University of Pittsburgh
March 20, 2014

National Italian Film Festival to Kick Off at Pitt

Free screenings, presentations, and audience competition will be held March 27 to April 12
Contact:  412-624-4147

PITTSBURGH—An Italian film festival that will be held in 11 cities nationwide is kicking off its 2014 national tour at the University of Pittsburgh. Seven contemporary Italian films, presented through Italian Film Festival USA, will receive their Pittsburgh premieres at free public screenings in Oakland from March 27 through April 12.

From the story of a fishmonger who auditions for a reality TV show to a documentary about a sit-in protest by women factory workers, the works in the festival have been chosen to display the range and vitality of contemporary Italian filmmaking.

Lina Insana, organizer of the Pittsburgh segment of the festival and chair of Pitt’s Department of French and Italian Languages and Literatures, says that the films will be introduced by Pitt faculty starting with the March 27 showing of Reality, which will be introduced by Distinguished Professor of English and Film Studies Marcia Landy. In a special appearance on April 10, director Massimo Ferrari will introduce his documentary, The Women Workers’ War, which will be followed by a question-and-answer session.

Attendees will be invited to partake in an audience competition by rating films on a scale of 1 to 5 stars. Ballots will be tallied from all screenings on the national tour, and the film with the highest score will receive the Best Film Award.

The movies will be shown in their original filming languages with English subtitles when necessary. The screening schedule follows.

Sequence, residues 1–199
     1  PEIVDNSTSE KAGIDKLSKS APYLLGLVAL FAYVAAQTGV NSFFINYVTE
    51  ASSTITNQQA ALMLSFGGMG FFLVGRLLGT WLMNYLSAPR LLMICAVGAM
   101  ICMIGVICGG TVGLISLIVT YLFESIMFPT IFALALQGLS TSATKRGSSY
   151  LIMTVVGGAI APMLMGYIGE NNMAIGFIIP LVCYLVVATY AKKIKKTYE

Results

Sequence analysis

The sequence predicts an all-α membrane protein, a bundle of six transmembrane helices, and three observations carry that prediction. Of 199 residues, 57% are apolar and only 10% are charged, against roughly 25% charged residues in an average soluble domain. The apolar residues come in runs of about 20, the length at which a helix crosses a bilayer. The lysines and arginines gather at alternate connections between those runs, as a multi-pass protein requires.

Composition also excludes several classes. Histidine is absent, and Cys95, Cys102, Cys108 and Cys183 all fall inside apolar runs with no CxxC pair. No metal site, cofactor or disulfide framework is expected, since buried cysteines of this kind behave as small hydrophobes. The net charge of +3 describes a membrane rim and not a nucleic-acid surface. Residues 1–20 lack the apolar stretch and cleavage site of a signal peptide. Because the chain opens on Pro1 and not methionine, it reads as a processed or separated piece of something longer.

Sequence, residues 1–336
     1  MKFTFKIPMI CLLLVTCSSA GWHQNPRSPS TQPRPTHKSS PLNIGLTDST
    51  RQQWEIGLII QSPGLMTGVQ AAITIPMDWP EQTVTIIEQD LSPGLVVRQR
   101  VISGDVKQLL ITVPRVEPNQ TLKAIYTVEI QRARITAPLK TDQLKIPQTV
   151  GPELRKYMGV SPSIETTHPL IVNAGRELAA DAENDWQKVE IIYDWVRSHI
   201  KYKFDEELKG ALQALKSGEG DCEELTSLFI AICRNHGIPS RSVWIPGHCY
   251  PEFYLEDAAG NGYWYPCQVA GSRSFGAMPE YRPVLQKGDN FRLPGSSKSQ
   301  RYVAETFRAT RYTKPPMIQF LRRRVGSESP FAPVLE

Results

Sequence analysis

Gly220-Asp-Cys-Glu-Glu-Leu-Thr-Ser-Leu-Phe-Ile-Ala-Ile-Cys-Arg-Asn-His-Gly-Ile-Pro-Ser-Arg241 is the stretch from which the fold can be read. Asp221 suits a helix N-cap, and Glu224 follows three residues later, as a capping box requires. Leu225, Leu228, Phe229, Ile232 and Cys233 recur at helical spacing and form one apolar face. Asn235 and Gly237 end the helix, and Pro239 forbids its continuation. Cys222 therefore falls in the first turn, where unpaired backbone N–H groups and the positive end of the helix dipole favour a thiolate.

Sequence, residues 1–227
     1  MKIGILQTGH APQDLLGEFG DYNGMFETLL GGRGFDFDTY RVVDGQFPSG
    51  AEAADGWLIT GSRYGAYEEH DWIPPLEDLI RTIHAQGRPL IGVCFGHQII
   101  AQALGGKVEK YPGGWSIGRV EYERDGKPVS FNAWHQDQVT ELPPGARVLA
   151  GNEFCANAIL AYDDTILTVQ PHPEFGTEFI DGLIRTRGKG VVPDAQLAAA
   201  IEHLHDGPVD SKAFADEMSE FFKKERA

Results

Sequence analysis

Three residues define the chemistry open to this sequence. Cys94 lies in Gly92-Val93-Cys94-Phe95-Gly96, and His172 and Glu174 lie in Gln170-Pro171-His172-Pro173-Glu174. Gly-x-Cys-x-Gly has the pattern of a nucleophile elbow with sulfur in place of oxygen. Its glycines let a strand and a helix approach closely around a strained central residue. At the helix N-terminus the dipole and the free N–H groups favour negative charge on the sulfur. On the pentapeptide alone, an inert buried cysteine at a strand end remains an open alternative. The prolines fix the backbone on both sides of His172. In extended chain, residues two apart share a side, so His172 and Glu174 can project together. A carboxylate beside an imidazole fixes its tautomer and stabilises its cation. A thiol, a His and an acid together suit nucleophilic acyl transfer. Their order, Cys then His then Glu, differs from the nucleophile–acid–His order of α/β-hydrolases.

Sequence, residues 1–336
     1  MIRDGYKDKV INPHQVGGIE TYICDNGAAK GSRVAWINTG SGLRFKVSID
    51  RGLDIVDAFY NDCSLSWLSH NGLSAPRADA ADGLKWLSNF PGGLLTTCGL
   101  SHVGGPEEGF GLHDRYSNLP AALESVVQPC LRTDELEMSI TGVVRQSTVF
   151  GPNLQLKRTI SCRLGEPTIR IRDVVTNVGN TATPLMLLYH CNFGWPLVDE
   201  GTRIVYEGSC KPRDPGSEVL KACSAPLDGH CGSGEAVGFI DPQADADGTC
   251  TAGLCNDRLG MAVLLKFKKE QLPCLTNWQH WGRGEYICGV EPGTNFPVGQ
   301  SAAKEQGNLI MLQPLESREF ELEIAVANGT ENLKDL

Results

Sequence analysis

Reality, 7 p.m. March 27, Frick Fine Arts Auditorium, 650 Schenley Drive. Luciano never misses the chance to perform for his customers in the fish market. At the urging of his family, he auditions for the reality show Big Brother, forever changing his perception of reality.

First Snowfall (La Prima Neve), 7 p.m. March 29, Frick Fine Arts Auditorium, 650 Schenley Drive. Set in the beautiful Italian Alps, a fatherless 10 year old and an immigrant who just lost his wife prepare for the upcoming winter and learn to listen to each other while healing.

Balancing Act (Gli Equilibristi), 7 p.m. April 4, Frick Fine Arts Auditorium, 650 Schenley Drive. Giulio leads a seemingly idyllic life with his wife and two children, but after making a critical error that unravels everything, he is forced to discover the thin line between well-being and poverty.

The Best Offer (La Migliore Offerta), 7 p.m. April 5, Carnegie Museum of Art Theatre, 4400 Forbes Ave. A world-renowned antiques auctioneer, who leads a solitary life, is appointed to oversee the sale of a beautiful heiress’ art collection and is soon engulfed by a passion that rocks his bland existence.

The Women Workers’ War, 7 p.m. April 10, Room 24, Ground Floor, Cathedral of Learning, 4200 Fifth Ave. A documentary recounting the story of two women: one who leads the longest factory sit-in by women in Italy and another who operates a factory that encourages cultural growth among the workers. This screening will feature a special appearance by director Massimo Ferrari.

The Venice Syndrome (Teorema Venezia), 9 p.m. April 11, 1700 Wesley W. Posvar Hall, 230 S. Bouquet St. Venice, the world’s most beautiful city, is invaded every day by 50,000 tourists. There are only 48,000 residents, and there are fewer every year as the city becomes nearly uninhabitable. The film shows what remains of Venetian life in a requiem for a grand city.

Long Live Freedom (Viva la Libertà), 7 p.m. April 12, Frick Fine Arts Auditorium, 650 Schenley Drive. The leader of the most notorious political opposition party mysteriously disappears. His wife and assistant turn to his identical twin brother, who has recently been released from a psychiatric hospital. Will anyone notice the switch?

The Italian Film Festival USA is organized by the Italian Film Festival of St. Louis, a nonprofit organization that educates audiences about Italy by promoting films that might not otherwise be shown in the United States.

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Written by Melissa Carlson